Asclepius in Sculpture

Featured sculpture of Asclepius
on display at the Epidaurus
Archaeological Museum.



Featured sculpture of Asclepius
on display at the National
Archaeological Museum in
Athens.

In the fifth century BC the cult
 of Asclepius began to blossom. There is a lot of mystery

surrounding this transitional moment; what is certain 
is that by the early 4th century,
the sanctuary of
 Asclepius at Epidaurus was 
panhellenic in nature.

Asclepius and his cures drew attention from around 
the Mediterranean 
basin.

 The reputation of the cult spread to such an extent that Epidaurus was considered a premier
 destination for healthcare at the time.


Above: Statues of Asclepius featured in the museum at Epidaurus.


The epicenter of the cult of Asclepius remained at Epidaurus for centuries, and one
 of the most magnificent and daring buildings at this site was the unique and mysterious Thymele.



Asclepius the Myth



Asclepius’ father Apollo rescued his unborn son from the funeral pyre of his mother Coronis
and entrusted him to the Centaur Chiron, who raised him and taught him the art of medicine.


Asclepius the God



As Asclepius grew more and more proficient in the practice of medicine, he began to save individuals from death and even resurrect some who had died. His grandfather Zeus, anxious to preserve his own supremacy among the gods, grew angry at this transgressive act and sent Asclepius to Hades with a thunderbolt. Apollo managed to convince his father to bring Asclepius back from Hades and eventually he received full divine status, residing forever among the gods.

Asclepius the Cult



Asclepius was worshipped all over Greece and far beyond, from Hispania in the west to Ecbatana in the east, from Britain in the north to Libya in the south. Often his sanctuaries were built just outside of towns, in places where patients could benefit from therapeutic breezes and good sources of water for drinking and 
bathing.



 His sanctuaries were places of worship that were visited by great numbers of sick
 people.

The principal seat
 of his worship in Greece was at Epidaurus, where his mega-sanctuary offered facilities for worship and therapy that included temples, altars, performance venues for music and drama, athletic facilities, baths, hotels, dining areas, and the enigmatic round Thymele.

A famous statue of Asclepius at Epidaurus, 
decorated in ivory and gold, was created by the great artist Thrasymedes. It depicted the god as
 a handsome
, bearded figure, similar to Zeus, sitting on a throne and holding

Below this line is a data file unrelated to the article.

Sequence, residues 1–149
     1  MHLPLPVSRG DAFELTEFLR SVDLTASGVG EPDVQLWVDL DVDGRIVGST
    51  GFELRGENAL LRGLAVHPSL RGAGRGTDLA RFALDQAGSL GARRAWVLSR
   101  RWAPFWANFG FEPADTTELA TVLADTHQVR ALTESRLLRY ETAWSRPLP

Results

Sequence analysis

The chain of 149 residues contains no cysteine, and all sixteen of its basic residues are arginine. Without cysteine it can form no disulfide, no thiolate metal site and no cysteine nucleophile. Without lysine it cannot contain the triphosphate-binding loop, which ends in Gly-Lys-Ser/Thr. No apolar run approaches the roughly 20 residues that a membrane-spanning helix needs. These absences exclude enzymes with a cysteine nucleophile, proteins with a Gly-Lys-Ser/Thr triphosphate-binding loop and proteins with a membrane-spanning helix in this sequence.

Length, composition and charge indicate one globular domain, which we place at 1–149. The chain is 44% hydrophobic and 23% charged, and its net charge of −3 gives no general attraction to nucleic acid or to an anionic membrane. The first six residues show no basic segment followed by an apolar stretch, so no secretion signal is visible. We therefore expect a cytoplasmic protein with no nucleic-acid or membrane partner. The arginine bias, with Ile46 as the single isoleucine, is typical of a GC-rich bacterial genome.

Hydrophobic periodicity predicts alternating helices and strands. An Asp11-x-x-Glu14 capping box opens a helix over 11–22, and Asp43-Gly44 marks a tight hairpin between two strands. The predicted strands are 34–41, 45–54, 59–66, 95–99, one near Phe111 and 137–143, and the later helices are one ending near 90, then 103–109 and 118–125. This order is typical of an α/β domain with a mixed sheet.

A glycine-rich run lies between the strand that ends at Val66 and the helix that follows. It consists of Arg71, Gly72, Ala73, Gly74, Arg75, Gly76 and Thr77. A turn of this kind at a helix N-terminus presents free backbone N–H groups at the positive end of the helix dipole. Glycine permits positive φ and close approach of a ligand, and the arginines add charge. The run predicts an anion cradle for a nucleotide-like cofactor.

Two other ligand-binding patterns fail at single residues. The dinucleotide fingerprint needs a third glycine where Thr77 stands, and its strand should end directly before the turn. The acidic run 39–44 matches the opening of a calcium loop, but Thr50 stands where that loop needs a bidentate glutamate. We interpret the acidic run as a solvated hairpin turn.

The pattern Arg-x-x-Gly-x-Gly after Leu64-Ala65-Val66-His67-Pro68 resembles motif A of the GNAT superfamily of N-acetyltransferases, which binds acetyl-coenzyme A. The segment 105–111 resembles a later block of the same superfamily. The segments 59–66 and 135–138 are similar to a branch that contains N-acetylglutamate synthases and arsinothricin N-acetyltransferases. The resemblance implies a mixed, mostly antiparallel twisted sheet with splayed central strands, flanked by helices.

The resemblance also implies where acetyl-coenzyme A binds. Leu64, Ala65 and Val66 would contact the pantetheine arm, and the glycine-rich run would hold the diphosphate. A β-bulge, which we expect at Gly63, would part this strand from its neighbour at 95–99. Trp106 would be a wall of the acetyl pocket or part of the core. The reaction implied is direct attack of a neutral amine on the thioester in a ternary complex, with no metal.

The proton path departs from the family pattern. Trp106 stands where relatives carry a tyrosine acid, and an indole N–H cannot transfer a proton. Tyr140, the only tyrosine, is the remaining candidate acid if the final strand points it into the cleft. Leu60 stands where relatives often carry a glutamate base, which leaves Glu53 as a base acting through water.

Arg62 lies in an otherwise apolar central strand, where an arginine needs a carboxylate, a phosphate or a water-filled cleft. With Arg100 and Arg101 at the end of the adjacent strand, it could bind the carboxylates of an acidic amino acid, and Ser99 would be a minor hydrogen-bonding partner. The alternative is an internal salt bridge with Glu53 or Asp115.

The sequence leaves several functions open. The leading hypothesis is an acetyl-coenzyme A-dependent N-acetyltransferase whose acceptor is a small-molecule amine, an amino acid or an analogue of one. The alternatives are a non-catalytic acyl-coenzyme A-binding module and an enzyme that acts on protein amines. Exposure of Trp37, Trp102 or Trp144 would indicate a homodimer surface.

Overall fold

a staff, with one hand resting on the head of a serpent, while a dog lies at his side. 

Serpents were a symbol of renewal, believed to have 
the power of discovering healing herbs and to be guardians
 of wells with salutary powers.

The sick, who visited the temples of Asclepius, underwent a series of preliminary rituals before sleeping in the sanctuary, such as bathing and offering sacrifices. If Asclepius chose to do so, he would appear to his worshippers in a dream, proposing 
or implementing remedies.



The cured thanked the god for his help, often by dedicating a votive tablet depicting the healing event or the part of the body that was cured.  The sanctuary at Epidaurus, as well as those at Lebana on Crete and at Rome, also contain many inscriptions that record the names of patients, their disorders, and the nature
 of their cures. These were published
on large stone placards that stood in the center of the sanctuary, serving as both an inventory of the god’s cures and an advertisement of his miraculous powers.

Many sanctuaries of Asclepius around the Mediterranean world were offshoots of the sanctuary at Epidaurus.  For instance, the cult of Asclepius was 
introduced to Rome from Epidaurus at the command of the Sibylline books in 293 BC in order to avert a pestilence.

Homer on Asclepius



The earliest known appearance of Asclepius in Greek literature is in Homer's Iliad.  A war epic, the Iliad does not shy away from the violence of war.  Full of graphic details, Homer's poem celebrates the skills of men specially trained to heal difficult battle wounds. Among these trained healers is Asclepius, described as a “blameless physician” and as the father of two other skilled physicians, Machaon and Podaleirius.



Descendants and Students



The descendants of Asclepius were called by the patronymic 
Asclepiadae. Originally, medical knowledge was transmitted from father to son in the families of the Asclepiadae.  Later, non physicians were apprenticed to healing families.

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